Although there is a great deal of evidence for the big bang, it does raise an interesting question. If the universe began with the big bang, what caused the big bang? That’s a bit of a stumper, because we aren’t entirely sure. Observationally, we have a good understanding of the universe as far back as nucleosynthesis, which occurred when the universe was about 10 seconds old. We also have some initial observational evidence of the inflationary period, which occurred in the earliest moments of the universe. As for the cause of the universe, we just have ideas at this point. One of the more popular ones is that the universe quite literally came from nothing.
The “nothing” in this case is not the type of nothing we might typically imagine. Here, “nothing” refers to the idea that there are no particles, energy, space, or anything else that could be considered “real” in a traditional sense. Instead there is only a quantum potential, or a nebulous cosmic wavefunction. You might argue that a quantum state subject to some set of physical laws is hardly “nothing”, and I’d be inclined to agree with you, but in cosmology the term “nothing” has kind of stuck. It’s similar to the term “big bang” being used for an event that was neither big nor explosive.
That said, there has been some interesting theoretical work on just what this quantum nothing might have been like. One such work was recently published in Physical Review D.1 In this paper the authors looked at what is known as the Wheeler-DeWitt equation, which is a way to describe the entire universe within the framework of quantum mechanics. The model is not without its problems, but it is a way to study the intersection between general relativity (gravity) and quantum theory.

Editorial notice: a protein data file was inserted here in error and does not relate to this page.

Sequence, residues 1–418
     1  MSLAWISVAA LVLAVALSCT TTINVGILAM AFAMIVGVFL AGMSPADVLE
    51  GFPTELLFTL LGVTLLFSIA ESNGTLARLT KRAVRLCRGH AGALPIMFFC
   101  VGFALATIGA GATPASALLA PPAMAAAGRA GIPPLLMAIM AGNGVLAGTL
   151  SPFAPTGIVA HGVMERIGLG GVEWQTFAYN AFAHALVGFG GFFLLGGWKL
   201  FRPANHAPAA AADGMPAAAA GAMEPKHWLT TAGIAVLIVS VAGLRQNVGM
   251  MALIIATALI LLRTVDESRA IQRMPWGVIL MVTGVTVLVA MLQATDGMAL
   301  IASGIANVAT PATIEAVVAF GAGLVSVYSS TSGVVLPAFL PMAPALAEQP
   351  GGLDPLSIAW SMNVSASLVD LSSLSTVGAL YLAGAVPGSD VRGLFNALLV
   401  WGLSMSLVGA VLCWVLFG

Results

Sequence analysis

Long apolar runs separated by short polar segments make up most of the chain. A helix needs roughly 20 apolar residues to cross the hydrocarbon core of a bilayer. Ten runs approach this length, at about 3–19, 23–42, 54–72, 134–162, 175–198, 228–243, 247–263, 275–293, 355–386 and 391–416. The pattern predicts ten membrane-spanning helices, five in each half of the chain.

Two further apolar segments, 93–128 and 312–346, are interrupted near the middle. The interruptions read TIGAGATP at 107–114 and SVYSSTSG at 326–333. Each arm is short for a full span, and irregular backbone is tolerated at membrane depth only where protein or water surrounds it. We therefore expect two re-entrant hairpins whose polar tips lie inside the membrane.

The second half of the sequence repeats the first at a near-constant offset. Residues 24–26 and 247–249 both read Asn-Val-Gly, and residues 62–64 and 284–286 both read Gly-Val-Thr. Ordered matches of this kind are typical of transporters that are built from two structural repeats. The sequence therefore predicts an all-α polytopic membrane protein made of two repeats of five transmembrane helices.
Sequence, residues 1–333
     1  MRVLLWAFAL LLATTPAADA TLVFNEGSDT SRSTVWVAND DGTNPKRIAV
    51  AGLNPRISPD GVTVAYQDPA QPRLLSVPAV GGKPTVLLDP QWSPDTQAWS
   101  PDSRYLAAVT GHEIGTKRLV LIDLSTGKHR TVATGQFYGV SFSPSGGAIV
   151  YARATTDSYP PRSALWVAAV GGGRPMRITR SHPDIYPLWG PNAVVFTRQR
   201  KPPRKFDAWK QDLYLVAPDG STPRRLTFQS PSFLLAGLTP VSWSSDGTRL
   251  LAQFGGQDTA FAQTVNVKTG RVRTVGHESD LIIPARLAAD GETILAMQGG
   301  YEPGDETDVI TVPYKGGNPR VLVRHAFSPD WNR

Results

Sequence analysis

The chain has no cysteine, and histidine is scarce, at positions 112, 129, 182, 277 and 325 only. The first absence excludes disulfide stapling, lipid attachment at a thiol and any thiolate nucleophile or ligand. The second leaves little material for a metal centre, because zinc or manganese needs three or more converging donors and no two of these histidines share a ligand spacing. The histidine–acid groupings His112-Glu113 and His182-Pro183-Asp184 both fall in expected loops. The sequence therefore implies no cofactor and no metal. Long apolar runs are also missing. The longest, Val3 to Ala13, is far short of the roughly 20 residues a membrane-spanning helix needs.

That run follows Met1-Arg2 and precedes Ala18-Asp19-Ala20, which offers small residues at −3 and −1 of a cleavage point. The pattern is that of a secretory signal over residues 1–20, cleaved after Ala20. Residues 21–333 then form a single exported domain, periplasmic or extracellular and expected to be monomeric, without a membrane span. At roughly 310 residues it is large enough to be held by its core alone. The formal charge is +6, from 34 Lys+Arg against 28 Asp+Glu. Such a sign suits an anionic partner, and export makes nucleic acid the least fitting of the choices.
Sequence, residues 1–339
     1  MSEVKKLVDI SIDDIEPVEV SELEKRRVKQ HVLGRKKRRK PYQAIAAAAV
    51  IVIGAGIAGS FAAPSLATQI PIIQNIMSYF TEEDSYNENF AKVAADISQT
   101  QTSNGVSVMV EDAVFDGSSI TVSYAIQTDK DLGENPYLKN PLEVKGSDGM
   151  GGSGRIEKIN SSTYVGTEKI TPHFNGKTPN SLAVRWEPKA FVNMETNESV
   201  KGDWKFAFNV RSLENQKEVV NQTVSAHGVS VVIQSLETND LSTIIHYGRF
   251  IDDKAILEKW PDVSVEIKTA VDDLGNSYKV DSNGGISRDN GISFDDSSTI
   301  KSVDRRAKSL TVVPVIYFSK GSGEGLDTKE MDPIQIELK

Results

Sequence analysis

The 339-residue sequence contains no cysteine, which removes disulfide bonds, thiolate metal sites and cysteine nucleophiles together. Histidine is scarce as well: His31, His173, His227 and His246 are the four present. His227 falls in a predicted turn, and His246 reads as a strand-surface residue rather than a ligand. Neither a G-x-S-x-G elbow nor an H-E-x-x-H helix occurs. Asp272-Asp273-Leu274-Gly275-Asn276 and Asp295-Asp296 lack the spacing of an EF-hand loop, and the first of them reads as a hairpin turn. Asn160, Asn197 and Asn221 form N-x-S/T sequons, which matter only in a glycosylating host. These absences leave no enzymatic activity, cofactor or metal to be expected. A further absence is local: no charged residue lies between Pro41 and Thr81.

Within the Wheeler-DeWitt formalism, it is possible for quantum fluctuations to occur. Basically, within the quantum nothing fluctuations of spacetime can appear, though they would dissolve back into the quantum-ness. The team showed that in certain cases it is possible for such a fluctuation to expand rapidly, where the state of the quantum system acts as a cosmological constant to cause inflation. Once that occurs, the fluctuation is to big to dissolve back into a quantum state, and has thus become “real”. What this shows is that it is possible for a quantum state to give rise to a universe with an early inflationary period, similar to the way our universe seemed to arise.
It should be kept in mind that this is still very speculative. This work is really a demonstration of a possibility, and not confirmation of how our universe came to be. We are only beginning to gather evidence on the inflationary period of the big bang, and we’ll need a solid understanding of that period before we can explore any quantum origin of the Cosmos.
In the end, these ideas might prove successful, or it may turn out that nothing comes of it.
He, Dongshan, Dongfeng Gao, and Qing-yu Cai. “Spontaneous creation of the universe from nothing.” Physical Review D 89.8 (2014): 083510. ↩︎